Outside of China, Hong Kong and Taiwan, where people started wearing masks early on in the outbreak, the Czech Republic was the first European country to make wearing masks mandatory in supermarkets, pharmacies, and public transport on March 18. 

Slovakia followed suit on March 25, and four days later, Bosnia and Herzegovina made it mandatory for its citizens to wear a face mask or a cloth covering their mouth and nose while walking in the streets or outside their homes.

The WHO, which had earlier also advocated against wearing masks in public unless people were sick with Covid-19, reversed its advice on April 3.

Singapore did likewise the same day, with the Government no longer discouraging people from wearing masks even if they are not showing symptoms of sickness. From April 14, it became mandatory to put on a face mask when heading out of home.

Face masks were sold out at FairPrice pharmacy’s outlet along Yishun Ring road on Jan 29, 2020. The initial advisory by Singapore to not wear masks was made in the context of a potential shortage of masks for frontline healthcare workers, as people had reacted to the outbreak by hoarding mask supplies. TODAY file photo

Responding to a question about the reversal in mask policy, Mr Wong said on April 14 that the updated mask advisory was based on the latest findings, medical advice and scientific evidence, including proof of pre-symptomatic spread of the virus.

Given the likelihood of more undetected cases in the community, the Government then required people to don masks when going outdoors as an “extra precaution worth taking”, said Mr Wong.

Experts said it would be impossible to tell if having a mask-wearing requirement would have made a tangible difference in the number of cases before April 3.

Said Assoc Prof Tan: “In an ideal world where masks were available in abundance, a precautionary approach would be to wear masks, since some barrier is better than no barrier.”

Dr Leong said the wearing of masks “may have made a difference, but not by very much”. 

“If you look at all the best evidence in handling outbreaks, the most effective measures are: Search, isolate and quarantine, followed by physical distancing, then handwashing, and finally the use of surgical masks, in that order,” he added. 

“Our mistake is this: Our people did not do sufficient distancing and it is still inadequate.”

THE SECOND PHASE

Travel restrictions and the return of overseas Singaporeans

For a time until the first week of March, the measures appeared to be working for Singapore, with the virus appearing at one point to taper off after a peak of nine new cases on Feb 14. 

But as the pandemic spread around the world, some experts told TODAY that Singapore could have imposed travel restrictions on affected countries at an earlier time. 

Separately, Mr Tomas Pueyo, a Silicon Valley consultant who writes data-driven articles on how governments are dealing with Covid-19, noted on his website that Singapore imposed a travel ban on mainland China when there were 12,000 infections there, but only did the same for other countries like Germany, France, Spain and Italy when their combined case numbers hit over 50,000 reported cases.

The authorities had also called for the return of all Singaporeans who were studying overseas, and they would have to serve a two-week stay-home notice (SHN) upon their return.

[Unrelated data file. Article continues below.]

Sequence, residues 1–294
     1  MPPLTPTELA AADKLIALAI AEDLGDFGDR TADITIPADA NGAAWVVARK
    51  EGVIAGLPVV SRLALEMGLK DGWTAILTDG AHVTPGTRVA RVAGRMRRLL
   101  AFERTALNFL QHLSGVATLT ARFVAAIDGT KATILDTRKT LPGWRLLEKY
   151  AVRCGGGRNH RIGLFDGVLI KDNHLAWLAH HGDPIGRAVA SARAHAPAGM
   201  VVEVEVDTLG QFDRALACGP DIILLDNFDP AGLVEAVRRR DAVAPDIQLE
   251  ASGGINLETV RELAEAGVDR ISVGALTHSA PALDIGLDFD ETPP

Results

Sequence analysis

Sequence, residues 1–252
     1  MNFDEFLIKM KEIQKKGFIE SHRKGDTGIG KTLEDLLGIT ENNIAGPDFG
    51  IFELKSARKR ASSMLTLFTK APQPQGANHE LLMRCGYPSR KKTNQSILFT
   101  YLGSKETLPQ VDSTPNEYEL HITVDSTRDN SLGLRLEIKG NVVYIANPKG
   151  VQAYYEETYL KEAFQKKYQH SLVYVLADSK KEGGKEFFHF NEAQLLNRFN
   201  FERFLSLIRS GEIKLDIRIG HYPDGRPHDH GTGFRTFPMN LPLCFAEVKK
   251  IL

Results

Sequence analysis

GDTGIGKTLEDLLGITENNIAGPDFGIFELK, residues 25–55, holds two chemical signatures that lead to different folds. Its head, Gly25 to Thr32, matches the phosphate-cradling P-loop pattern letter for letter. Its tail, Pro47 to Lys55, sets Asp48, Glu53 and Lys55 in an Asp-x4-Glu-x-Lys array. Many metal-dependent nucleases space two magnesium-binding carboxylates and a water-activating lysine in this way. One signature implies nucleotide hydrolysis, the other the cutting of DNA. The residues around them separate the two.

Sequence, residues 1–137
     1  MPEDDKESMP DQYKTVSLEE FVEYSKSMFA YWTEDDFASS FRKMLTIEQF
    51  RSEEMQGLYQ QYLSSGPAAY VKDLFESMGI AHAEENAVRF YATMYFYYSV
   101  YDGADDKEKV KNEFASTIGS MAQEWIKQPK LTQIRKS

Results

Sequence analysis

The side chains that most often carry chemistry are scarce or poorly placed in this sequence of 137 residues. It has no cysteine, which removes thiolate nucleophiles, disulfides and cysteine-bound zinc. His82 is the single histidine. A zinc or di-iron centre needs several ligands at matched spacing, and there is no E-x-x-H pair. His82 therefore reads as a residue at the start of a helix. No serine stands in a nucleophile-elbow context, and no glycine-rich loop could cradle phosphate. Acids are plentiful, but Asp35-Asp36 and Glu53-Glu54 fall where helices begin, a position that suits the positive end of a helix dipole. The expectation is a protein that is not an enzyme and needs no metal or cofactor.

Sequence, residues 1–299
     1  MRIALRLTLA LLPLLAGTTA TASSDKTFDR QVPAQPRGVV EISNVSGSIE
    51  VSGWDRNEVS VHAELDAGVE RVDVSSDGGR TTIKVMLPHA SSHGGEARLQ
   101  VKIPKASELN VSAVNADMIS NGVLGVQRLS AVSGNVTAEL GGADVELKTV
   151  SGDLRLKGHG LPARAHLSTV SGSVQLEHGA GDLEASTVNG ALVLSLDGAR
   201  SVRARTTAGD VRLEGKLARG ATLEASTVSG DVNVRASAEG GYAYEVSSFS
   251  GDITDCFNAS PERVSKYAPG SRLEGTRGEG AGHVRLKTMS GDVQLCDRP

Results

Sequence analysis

With the benefit of hindsight, this strategy could have been better implemented as the assumption was that they would serve out their SHNs obediently, said Dr Leong.

It was only till March 25 that the authorities made it mandatory for returning Singaporeans from America and Britain to serve their SHNs at dedicated facilities such as hotels, with dedicated transport to ferry them from the airport. This was later expanded to all countries on April 9.

Social responsibility and business continuity

At the time, social responsibility was also notably lacking even as the virus continued to rage around the world, said experts. People had continued to socialise and go to work while feeling unwell, which had contributed to some cluster of cases. 

These cases, such as the clusters at Safra Jurong and the PCF Fengshan preschool, occurred before stricter safe-distancing measures that carry severe penalties for non-compliance were put in place on March 26.

Some businesses also appeared to be ill-prepared for a pandemic, added Dr Leong. Alternative work arrangement policies that would have encouraged those who are feeling mildly ill to work from home were lacking.

The explosion of infections at foreign worker dormitories could have originated from a lack of segregation or social distancing in the construction sector, as findings point to a spread through common work sites and social activities during their rest days.

Dr Car said: “We all need to calibrate our behaviours and attitudes in relation to how we view work and ill health and disease… We must see concrete actions such as staying at home when unwell as a social good that protects loved ones, colleagues, society and the economy.”

THE THIRD PHASE

Outbreak in foreign worker dorms

When April came, the virus had already spread to the migrant worker population residing in purpose-built dormitories. The virus was likely to have been circulating among migrant workers in the second half of March, at a time when safe-distancing measures were being ramped up amid a rise in the number of imported cases.